Forestry in the Old Line State
Credit: Jack Perdue, Maryland Department of Natural Resources
Maryland was once covered by forest broken only by rivers, marshes, and mountain meadows, this primeval forest stretched from the wet soils of the Atlantic coastal plain to the hills, plateaus, and valleys of the Appalachians. The inhabitants, Native Americans who settled along the Chesapeake Bay and its tributaries, were the first users of the forest, clearing and burning small areas for farming and berry production. In large part, the great forest of countless millions of oak, tulip poplar, eastern hemlock, beech, loblolly pine, white pine and American chestnut was left to grow and die and change with the rhythms of the land and sky.
The forests of Maryland today show the impacts of human migration, agriculture, the lumber industry, iron and charcoal, wildfires, the first attempts at management, and, ultimately, the resiliency of nature.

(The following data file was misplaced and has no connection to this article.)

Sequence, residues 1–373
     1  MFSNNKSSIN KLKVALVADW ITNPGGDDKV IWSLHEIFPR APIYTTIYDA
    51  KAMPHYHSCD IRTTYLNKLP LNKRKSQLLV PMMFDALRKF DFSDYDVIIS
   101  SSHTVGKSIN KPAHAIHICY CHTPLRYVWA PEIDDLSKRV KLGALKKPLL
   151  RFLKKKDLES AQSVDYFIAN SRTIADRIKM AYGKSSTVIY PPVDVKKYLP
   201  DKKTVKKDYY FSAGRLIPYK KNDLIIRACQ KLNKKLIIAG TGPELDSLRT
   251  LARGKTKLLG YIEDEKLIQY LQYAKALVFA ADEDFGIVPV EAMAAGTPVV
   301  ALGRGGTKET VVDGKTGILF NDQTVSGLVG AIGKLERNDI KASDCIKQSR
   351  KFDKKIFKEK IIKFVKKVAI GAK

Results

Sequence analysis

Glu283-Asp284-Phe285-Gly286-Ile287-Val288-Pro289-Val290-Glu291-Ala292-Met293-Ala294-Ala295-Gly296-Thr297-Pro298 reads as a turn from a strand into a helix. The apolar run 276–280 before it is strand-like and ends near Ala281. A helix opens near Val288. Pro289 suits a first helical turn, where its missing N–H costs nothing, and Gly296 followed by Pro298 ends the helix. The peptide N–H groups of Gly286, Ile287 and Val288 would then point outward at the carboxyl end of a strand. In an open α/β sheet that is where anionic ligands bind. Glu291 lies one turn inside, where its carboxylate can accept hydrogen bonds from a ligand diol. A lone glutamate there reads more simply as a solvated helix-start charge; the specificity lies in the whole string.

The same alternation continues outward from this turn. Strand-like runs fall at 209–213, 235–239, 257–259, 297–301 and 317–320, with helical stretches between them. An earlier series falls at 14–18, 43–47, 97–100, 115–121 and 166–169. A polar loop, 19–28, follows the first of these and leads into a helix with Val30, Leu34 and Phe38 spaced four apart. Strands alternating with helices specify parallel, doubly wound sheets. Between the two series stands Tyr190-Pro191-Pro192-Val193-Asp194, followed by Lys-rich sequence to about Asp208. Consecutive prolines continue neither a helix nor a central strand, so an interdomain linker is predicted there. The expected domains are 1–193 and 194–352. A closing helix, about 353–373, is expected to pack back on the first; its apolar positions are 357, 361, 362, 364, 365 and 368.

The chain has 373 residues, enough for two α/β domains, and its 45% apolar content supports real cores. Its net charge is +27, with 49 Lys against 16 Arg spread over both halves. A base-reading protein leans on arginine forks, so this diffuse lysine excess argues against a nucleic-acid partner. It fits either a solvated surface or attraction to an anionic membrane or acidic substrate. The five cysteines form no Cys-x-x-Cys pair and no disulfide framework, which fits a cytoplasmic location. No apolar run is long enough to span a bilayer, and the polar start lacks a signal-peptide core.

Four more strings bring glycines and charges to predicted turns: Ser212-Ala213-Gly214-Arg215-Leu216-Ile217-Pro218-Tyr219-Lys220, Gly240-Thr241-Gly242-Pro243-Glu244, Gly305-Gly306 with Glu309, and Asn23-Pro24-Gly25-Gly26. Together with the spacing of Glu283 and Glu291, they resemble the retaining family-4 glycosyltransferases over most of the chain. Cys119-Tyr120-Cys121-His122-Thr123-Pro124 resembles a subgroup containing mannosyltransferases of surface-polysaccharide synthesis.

The Maryland Forest Service, part of the Department of Natural Resources (DNR), delivers a range of services to the state's citizens, including providing forest management assistance to private landowners and tree planting and maintenance assistance to cities, towns, and community associations; carrying out wildfire suppression; supporting volunteer fire department training; managing 215,067 acres of State Forests; licensing of forest product operators and tree care experts; growing 3 million tree seedlings annually for conservation planting; conducting statewide forest assessments; and providing forest data to counties for comprehensive plan development. Maryland's top environmental priority continues to be the restoration of the Chesapeake Bay. DNR has the lead role in these efforts - efforts the Forest Service contributes to significantly through the planting of riparian forest buffers.